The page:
The blade is 3.72 inches and uses S30V steel while the handle has carbon fiber/G-10 laminate scales, a solid steel backspacer, and dovetailed old-school bolsters with an integral double guard.

For some reason, the wire clip makes it look even crazier.

13. Spyderco Lava

We’ve mostly highlighted the larger knives, but small Spyderco knives can also be strange. Take the Lava, for example.

This little guy features a 1.86-inch blade and an overall size of 5.25 inches when opened. It’s called the Lava because it was developed by Chad Los Banos in Hawaii, but I think it could have been called the Hunchback or the T-Rex (see the little T-Rex arms in there). Still, the ergonomics on this little guy were truly excellent.

The original was all stainless steel but the blue Sprint Run brings out the shape better.

14. Spyderco Bi-Fold

Bi-Fold from Spyderco Forums

I’m cheating with this one a little because the Bi-Fold never officially came into production. It was planned for 2006, but legal issues surrounding the knife and its classification as an automatic knife threw a wrench in things.

This Eric Glesser design folded in half and engaged almost automatically with a little trigger. This may be one of the strangest knife designs ever.

We’ll see if this ever sees the light of day.

Here is a video about the knife:

15. Spyderco Gunting

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If there was ever a knife that looked like a bird, it has to be the Gunting (which even sounds like a bird’s name). The Gunting has a pronounced protrusion that’s there by design. It’s for pressure point control and striking. It was designed by Bram Frank for Martial Blade Concepts.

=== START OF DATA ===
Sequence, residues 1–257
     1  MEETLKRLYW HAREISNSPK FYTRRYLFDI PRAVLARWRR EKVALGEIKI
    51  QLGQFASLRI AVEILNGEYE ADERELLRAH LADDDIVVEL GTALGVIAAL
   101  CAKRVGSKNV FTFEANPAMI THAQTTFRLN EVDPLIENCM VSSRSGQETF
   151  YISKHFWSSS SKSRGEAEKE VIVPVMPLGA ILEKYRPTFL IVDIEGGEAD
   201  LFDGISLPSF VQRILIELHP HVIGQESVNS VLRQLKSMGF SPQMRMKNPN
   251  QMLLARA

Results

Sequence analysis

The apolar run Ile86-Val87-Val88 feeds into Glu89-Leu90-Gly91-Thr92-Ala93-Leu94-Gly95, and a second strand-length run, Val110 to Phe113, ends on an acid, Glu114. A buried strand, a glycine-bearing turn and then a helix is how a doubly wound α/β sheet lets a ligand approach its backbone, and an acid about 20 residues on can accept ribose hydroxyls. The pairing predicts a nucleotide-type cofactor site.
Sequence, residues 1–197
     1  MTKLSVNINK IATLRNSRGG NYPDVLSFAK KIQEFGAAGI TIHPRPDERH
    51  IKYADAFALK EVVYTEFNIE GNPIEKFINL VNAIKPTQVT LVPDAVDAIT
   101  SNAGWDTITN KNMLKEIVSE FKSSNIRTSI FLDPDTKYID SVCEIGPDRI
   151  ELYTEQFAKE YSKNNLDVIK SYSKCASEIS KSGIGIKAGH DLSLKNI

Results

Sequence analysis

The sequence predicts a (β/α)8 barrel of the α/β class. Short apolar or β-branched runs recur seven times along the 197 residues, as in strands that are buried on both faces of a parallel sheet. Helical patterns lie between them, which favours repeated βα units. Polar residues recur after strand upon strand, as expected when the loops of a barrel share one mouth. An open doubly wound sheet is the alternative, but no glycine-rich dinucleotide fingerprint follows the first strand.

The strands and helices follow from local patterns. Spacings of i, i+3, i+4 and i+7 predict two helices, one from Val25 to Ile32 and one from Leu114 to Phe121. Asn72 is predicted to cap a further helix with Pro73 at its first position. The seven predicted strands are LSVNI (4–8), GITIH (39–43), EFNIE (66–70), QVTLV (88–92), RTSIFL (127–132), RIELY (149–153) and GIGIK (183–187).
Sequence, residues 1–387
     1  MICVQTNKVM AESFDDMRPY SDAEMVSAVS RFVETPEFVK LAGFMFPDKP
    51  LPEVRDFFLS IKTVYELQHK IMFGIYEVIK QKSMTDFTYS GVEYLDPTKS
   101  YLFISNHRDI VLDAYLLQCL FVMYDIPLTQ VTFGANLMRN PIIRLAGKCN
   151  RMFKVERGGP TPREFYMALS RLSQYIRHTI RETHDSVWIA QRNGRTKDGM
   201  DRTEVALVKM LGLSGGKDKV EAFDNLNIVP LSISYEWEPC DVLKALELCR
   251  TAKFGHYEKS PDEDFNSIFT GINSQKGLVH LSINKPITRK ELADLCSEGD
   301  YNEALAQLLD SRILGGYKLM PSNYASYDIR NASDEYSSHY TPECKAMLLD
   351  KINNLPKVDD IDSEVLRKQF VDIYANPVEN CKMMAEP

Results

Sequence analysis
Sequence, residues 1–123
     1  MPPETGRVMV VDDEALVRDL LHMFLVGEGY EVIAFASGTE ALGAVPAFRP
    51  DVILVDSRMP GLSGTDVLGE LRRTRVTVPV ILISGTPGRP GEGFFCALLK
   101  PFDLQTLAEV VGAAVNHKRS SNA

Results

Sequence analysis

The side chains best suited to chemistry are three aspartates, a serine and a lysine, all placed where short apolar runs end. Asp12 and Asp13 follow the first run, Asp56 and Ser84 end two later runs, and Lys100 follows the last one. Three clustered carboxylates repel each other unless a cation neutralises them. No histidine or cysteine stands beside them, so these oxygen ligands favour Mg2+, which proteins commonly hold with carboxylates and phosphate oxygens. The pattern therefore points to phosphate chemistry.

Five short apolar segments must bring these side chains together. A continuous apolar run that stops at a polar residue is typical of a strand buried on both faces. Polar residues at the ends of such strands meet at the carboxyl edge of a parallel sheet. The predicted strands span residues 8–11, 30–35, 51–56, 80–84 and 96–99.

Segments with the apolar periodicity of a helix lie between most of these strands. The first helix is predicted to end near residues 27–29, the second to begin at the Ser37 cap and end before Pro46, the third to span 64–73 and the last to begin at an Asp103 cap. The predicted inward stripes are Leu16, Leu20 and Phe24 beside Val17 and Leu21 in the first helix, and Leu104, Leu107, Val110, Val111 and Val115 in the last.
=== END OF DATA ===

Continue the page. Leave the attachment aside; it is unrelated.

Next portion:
This knife may not look like much but in the right hands, it can be a truly fierce self-defense tool like no other.

16. SpydeRench

First produced in 1999, the SpydeRench is a truly odd multitool. It’s a complex tool designed to go head-to-head with the Leatherman. It was made in conjunction with an aerospace engineer and featured a crescent wrench, slip joint pliers, four screwdriver bits, a full-size locking blade, and more.

The knife can even come out to give you a fully functional pocket knife.

Here’s a guy gushing over the design and for good reason:

17. Spyderco Caspian Salt

Dive knives gave Spyderco an opportunity to experiment with designs and try out some things they normally wouldn’t on other knives. That’s where the Caspian Salt comes in.

The discontinued Caspian Salt was made from one piece of H-1 steel. The knife looks like it was trying to pack in a bit too much. You have a partially serrated edge and a plain edge, a wire cutter, an index finger hole, and a lanyard hole.

The knife itself is an awesomely unique design, but it’s no longer available.

18. Spyderco Jot Singh Khalsa

This may be one of the most unusual Spyderco models out there. It was made by Knifemaker Spyderco Jot Singh Khalsa (hence the name) — a follower of the Sikh religion who specializes in Kirpans. He put his well-known flair and artistry on display in this knife.

Spyderco says it’s “one of the most unique and rare Spyderco production folders ever produced.” It has a 2.91-inch blade with a protruding piece of steel that houses the Round Hole and a curved handle.

After it was forced from the catalog in 2000 due to production problems, it came back for a Spring Run in 2013.

19. Spyderco Kiwi

The Kiwi is an unusual Spyderco design in that it doesn’t really look like a Spyderco, except for the recognizable Round Hole. It is thin and lightweight with an ergonomically designed handle that allows the user to choke up on the blade.

Although the Kiwi 4 is still in production, the early Kiwis with the little hump in the blade is the really odd one.

20. Spyderco Dodo

dodo